Archive for the ‘Saints of the 1730s’ Category

Feast of Antonio Vivaldi (July 28)   Leave a comment

Above:  Antonio Vivaldi

Image in the Public Domain

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ANTONIO LUCIO VIVALDI (MARCH 4, 1679-JULY 28, 1741)

Italian Roman Catholic Priest, Composer, and Violinist

“The Red Priest”

The volume of Antonio Vivaldi‘s output as a composer is staggering, but biographical information is much less plentiful.  (The catalog of our saint, who influenced Johann Sebastian Bach, includes concerti (including The Four Seasons), various choral works (many of them sacred), and about 40 operas.

Vivaldi came from a musical family.  He, born in Venice on March 4, 1679, first studied music under his father, Giovanni Battista Vivaldi, a violinist at St. Mark’s, Venice.  Our saint, apparently a redhead, studied music under Giovanni Legrenzi.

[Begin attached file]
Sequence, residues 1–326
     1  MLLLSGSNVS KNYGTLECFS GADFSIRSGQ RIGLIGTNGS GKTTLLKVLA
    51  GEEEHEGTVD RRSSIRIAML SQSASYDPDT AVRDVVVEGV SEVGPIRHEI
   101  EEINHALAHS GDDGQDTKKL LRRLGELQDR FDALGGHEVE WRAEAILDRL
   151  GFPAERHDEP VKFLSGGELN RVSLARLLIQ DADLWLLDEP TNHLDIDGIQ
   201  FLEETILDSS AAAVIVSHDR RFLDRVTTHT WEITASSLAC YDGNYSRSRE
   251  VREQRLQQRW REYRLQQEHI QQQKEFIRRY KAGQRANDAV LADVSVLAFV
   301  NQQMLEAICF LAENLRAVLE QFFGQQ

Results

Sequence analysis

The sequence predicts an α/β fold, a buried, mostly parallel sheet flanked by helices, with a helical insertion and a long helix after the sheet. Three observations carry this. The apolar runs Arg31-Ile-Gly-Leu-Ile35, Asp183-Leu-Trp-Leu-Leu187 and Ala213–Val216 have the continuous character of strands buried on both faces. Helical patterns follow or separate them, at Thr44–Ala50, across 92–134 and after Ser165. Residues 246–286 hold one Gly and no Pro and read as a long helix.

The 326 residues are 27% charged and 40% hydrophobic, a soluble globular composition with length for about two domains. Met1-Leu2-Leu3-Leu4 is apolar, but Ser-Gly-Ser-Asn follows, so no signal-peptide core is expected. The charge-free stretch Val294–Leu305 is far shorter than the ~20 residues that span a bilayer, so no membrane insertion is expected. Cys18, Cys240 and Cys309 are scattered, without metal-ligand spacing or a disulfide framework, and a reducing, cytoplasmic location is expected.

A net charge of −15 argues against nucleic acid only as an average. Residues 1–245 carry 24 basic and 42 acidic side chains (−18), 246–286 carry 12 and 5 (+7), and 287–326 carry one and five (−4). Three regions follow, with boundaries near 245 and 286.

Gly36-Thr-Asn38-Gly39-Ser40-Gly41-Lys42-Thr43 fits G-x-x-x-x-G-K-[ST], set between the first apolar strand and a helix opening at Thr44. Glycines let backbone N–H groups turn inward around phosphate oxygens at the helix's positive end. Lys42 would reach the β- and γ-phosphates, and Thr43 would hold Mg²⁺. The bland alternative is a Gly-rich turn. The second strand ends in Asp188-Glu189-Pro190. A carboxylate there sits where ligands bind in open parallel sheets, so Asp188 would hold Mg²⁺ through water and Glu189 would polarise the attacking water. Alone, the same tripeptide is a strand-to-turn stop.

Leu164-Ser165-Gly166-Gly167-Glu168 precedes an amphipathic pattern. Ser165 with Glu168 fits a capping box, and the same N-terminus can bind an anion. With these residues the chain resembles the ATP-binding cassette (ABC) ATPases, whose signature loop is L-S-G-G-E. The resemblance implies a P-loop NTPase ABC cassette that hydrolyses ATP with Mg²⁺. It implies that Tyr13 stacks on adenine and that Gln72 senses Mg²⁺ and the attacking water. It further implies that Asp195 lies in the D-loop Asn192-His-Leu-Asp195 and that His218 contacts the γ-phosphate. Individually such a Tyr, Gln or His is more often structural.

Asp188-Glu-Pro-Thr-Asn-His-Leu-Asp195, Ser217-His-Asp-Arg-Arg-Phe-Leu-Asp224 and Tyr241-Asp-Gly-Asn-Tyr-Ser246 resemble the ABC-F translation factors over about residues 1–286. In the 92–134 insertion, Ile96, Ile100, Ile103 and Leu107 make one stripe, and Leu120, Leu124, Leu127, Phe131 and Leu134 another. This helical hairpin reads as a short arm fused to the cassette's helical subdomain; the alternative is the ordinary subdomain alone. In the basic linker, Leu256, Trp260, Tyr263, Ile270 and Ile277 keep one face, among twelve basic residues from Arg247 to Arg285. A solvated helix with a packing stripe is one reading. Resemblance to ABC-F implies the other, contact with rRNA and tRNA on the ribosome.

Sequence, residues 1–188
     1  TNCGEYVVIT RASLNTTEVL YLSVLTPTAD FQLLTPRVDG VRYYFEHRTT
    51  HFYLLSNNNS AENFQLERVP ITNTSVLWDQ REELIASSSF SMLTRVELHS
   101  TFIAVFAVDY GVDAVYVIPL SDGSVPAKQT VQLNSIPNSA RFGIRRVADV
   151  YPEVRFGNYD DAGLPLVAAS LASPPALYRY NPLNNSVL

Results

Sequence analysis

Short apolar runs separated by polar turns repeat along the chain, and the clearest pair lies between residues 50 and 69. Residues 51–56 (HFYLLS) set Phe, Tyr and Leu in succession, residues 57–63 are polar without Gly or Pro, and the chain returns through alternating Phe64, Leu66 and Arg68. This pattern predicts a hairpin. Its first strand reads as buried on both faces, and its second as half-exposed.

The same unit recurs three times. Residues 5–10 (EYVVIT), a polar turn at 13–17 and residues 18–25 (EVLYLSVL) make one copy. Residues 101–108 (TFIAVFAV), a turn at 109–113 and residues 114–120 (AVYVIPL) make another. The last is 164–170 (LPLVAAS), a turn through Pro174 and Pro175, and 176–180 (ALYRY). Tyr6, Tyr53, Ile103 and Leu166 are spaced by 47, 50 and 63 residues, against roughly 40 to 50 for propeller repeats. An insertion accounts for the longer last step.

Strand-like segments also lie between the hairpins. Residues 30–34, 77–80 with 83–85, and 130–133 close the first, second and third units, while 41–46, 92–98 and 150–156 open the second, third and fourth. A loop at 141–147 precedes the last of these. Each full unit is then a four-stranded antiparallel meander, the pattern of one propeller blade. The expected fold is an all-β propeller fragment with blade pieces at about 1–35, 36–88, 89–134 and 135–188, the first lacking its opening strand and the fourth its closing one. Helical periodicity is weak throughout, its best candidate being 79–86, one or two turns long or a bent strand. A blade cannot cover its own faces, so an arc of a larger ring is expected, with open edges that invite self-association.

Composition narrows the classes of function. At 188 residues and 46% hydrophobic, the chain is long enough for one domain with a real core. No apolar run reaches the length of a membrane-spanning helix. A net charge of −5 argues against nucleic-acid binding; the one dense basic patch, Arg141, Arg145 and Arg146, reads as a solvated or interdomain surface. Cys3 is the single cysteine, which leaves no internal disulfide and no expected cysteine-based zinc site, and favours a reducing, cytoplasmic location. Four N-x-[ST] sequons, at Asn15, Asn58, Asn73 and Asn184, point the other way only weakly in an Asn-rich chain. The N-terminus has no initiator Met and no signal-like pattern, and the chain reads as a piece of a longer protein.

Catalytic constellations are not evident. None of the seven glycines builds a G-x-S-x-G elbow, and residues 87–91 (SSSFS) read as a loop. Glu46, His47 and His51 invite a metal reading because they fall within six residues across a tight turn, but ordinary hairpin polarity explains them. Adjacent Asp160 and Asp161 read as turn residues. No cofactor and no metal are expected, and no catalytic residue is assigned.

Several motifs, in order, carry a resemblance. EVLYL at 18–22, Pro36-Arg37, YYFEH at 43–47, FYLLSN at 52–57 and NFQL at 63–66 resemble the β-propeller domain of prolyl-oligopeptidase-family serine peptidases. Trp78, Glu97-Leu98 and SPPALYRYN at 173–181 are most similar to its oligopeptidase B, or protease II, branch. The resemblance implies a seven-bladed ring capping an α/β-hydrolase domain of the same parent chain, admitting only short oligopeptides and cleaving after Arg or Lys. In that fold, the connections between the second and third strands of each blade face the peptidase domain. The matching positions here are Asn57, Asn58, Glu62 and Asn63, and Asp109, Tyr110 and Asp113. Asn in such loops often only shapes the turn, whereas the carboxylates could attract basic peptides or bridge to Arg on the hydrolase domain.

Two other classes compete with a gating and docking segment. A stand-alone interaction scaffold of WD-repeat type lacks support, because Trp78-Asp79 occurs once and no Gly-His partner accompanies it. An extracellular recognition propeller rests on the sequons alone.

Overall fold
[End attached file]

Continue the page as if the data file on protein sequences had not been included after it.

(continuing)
Vivaldi, from March 1703 a priest, spent much of his time traveling in Europe.  From 1703 to 1740 he had an association with the Ospedale della Pietà, a home for abandoned girls.  The institution had one of the finest orchestras in Italy.  Vivaldi composed hundreds of works for that orchestra.  The asthmatic priest and violin virtuoso traveled, though, spending 1719-1722 in Vienna and 1737-1738 in Amsterdam, for example.  By 1735 Vivaldi was back in Venice as the maestro di concerti at the Ospedale for a second time, but he was back in Verona two years later.  Frequently over the years Vivaldi visited Venice, where he produced many operas.  He returned to Vienna in 1740 to seek employment in the imperial court.  Vivaldi, aged 64 years, died in that city on July 28, 1741.

Vivaldi’s musical legacy continues to enrich the world, fortunately.

KENNETH RANDOLPH TAYLOR

JUNE 10, 2018 COMMON ERA

PROPER 5:  THE THIRD SUNDAY AFTER PENTECOST, YEAR B

THE FEAST OF SAINT JAMES OF NISIBIS, BISHOP; AND SAINT EPHREM OF EDESSA, “THE HARP OF THE HOLY SPIRIT”

THE FEAST OF SAINTS GETULIUS, AMANTIUS, CAERAELIS, AND PRIMITIVUS, MARTYRS AT TIVOLI, 12O; AND SAINT SYMPHOROSA OF TIVOLI, MARTYR

THE FEAST OF SAINT LANDERICUS OF PARIS, ROMAN CATHOLIC BISHOP

THE FEAST OF THOR MARTIN JOHNSON, U.S. MORAVIAN CONDUCTOR AND MUSIC DIRECTOR